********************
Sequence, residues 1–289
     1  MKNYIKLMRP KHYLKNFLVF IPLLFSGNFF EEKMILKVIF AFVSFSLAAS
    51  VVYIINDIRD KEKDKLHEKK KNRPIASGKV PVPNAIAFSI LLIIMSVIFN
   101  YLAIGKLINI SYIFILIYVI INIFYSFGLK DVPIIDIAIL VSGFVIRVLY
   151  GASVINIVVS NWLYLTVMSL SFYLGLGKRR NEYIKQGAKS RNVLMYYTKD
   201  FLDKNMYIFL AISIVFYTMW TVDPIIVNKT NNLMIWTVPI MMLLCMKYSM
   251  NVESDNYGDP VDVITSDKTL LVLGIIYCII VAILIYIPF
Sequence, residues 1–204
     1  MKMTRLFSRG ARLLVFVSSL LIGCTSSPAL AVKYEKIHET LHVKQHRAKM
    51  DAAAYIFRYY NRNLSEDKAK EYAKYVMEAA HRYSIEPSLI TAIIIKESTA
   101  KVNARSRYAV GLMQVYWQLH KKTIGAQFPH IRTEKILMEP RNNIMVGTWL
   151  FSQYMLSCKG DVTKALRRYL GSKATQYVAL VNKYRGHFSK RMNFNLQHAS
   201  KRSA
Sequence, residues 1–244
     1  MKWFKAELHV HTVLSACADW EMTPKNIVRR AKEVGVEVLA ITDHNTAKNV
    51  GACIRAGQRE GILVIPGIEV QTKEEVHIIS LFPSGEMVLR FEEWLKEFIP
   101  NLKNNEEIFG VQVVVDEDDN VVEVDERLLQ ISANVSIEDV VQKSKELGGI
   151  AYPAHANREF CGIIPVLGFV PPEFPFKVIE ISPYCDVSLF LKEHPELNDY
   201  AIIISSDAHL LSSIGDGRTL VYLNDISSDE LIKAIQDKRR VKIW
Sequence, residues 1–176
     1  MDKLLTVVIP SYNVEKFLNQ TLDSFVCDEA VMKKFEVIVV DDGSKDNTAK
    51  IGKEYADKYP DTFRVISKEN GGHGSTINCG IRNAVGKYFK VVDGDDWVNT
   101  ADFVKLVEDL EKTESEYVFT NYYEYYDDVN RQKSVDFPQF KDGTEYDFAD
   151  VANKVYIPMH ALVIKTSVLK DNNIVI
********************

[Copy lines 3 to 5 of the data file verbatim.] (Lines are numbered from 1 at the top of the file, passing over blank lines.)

    51  VVYIINDIRD KEKDKLHEKK KNRPIASGKV PVPNAIAFSI LLIIMSVIFN
   101  YLAIGKLINI SYIFILIYVI INIFYSFGLK DVPIIDIAIL VSGFVIRVLY
   151  GASVINIVVS NWLYLTVMSL SFYLGLGKRR NEYIKQGAKS RNVLMYYTKD